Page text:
All three major U.S. tobacco companies that sell vaping products have now submitted Premarket Tobacco Applications (PMTAs) to the FDA. Fontem US LLC, a division of Imperial Brands, has applied for marketing approval for its myblu pod vape and some prefilled pods for the device.
The myblu is a simple pod device that offers pods in a variety of flavors. Fontem says its PMTA includes “a wide range of…myblu electronic vaping products,” but doesn’t specify which flavors have been submitted to the FDA for approval.
“We agree that the electronic vaping industry should be held to the highest product and marketing standards while providing adult smokers with alternative products that could serve the interest of the public health,” said Fontem president Antoine Blonde. “Fontem US looks forward to working with the FDA as the agency develops and enforces an evidence-based regulatory policy.”
Fontem’s parent company, Imperial Brands (formerly Imperial Tobacco), owns a variety of tobacco brands sold around the world, including Winston, Kool, Player, Davidoff, and Gauloises cigarettes. Fontem itself was originally created to manage a portfolio of patents Imperial acquired from Chinese vaping pioneers Ruyan, including the original e-cigarette patents granted to inventor Hon Lik.
Logic (owned by Japan Tobacco International) submitted a PMTA last August, according to the Wall Street Journal. Reynolds American (RJ Reynolds, now owned by British American Tobacco) submitted applications for its Vuse Solo cigalike device and several cartridge flavors last October. Reynolds submitted additional applications for its Vuse Ciro and Vibe products earlier this month, along with apps for “multiple flavor variants for each brand style.”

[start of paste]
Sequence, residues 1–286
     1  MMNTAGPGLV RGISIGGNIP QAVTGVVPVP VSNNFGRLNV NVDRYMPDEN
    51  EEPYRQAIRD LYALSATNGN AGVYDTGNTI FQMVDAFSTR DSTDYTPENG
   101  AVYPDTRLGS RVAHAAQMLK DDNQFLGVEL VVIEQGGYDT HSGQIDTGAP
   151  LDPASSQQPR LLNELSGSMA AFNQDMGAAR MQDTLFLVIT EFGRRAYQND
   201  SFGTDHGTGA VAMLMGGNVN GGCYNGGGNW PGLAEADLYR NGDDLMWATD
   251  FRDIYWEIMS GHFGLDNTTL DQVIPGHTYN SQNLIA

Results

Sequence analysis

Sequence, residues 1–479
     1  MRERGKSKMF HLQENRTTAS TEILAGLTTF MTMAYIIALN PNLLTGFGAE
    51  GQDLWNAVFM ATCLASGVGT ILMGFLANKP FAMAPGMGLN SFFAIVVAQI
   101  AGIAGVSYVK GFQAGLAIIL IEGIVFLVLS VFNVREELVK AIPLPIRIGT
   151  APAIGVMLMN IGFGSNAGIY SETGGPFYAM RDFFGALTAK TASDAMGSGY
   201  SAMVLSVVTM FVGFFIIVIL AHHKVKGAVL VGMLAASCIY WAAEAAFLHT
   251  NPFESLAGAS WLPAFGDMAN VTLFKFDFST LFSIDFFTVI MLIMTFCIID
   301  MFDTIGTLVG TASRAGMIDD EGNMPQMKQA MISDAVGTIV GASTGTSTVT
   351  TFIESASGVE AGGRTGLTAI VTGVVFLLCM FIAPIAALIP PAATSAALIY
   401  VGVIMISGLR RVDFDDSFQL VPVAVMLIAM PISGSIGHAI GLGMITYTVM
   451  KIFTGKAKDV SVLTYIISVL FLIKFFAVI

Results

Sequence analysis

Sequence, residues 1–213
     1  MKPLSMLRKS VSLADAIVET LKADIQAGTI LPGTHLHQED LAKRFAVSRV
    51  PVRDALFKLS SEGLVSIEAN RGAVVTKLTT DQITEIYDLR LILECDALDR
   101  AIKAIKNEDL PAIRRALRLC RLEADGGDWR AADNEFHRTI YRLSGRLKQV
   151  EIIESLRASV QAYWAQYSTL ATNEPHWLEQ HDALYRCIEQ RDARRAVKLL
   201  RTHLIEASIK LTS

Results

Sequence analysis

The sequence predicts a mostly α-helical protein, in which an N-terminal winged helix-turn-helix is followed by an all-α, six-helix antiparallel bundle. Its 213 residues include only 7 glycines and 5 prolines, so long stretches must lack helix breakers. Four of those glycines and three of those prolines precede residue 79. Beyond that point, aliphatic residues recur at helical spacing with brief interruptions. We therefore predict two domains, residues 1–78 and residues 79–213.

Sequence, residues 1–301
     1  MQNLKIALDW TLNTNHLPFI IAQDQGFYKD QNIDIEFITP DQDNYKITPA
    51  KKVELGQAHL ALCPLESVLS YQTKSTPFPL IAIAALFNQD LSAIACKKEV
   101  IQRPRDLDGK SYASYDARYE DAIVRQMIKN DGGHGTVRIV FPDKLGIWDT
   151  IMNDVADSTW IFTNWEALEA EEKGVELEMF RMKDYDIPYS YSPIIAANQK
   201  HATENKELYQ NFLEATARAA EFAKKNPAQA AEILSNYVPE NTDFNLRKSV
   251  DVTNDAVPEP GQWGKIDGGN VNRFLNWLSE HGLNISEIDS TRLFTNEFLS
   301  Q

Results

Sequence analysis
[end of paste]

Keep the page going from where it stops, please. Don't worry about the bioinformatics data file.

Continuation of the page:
None of the tobacco company vaping products are currently sold in flavors other than tobacco and menthol. The FDA announced in January that it would no longer allow sales of flavored pod- and cartridge-based vape products until PMTAs for those products were approved. However, unlike independent vaping manufacturers, Imperial, Reynolds and JTI can sustain themselves selling cigarettes while their applications are reviewed by the FDA.
Neither NJOY nor JUUL, the most popular convenience store vaping products not made by a tobacco company (although JUUL is 35 percent owned by Altria), have announced PMTA submissions yet. JUUL is expected to submit an application for a next-generation “smart vape” that includes Bluetooth functionality and user recognition.
At least 30 PMTAs have already been submitted and accepted for review by the FDA, according to Center for Tobacco Products director Mitch Zeller. However, the CTP does not publish the names of PMTA applicants until the agency takes action on a specific submission.
The FDA postponed the deadline for all PMTA submissions last week, after receiving permission for the delay from a federal appeals court. The original May 12 deadline has been pushed back four months to Sept. 9, due to logistical problems caused by the coronavirus pandemic for both the agency and companies intending to file applications.
Most vaping advocates do not believe the FDA will approve PMTAs for bottled e-liquid in flavors other than tobacco and menthol, and some think the agency won’t approve e-liquid or devices for open-system vaping at all. E-liquid is the primary profit driver for vape shops, and the independent vaping industry depends on a wide variety of e-liquid flavors being available.
In a January radio interview, Health and Human Services Secretary Alex Azar promised to create a “streamlined” PMTA pathway for small vaping manufacturers, but neither the FDA nor the Trump administration has proposed any changes to the process since Azar’s statement. The PMTA deadline will now fall two months before the presidential election, with more than 100,000 vape industry employees and several million vapers prepared to vote at least partly based on what happens to the millions of vaping products currently available.
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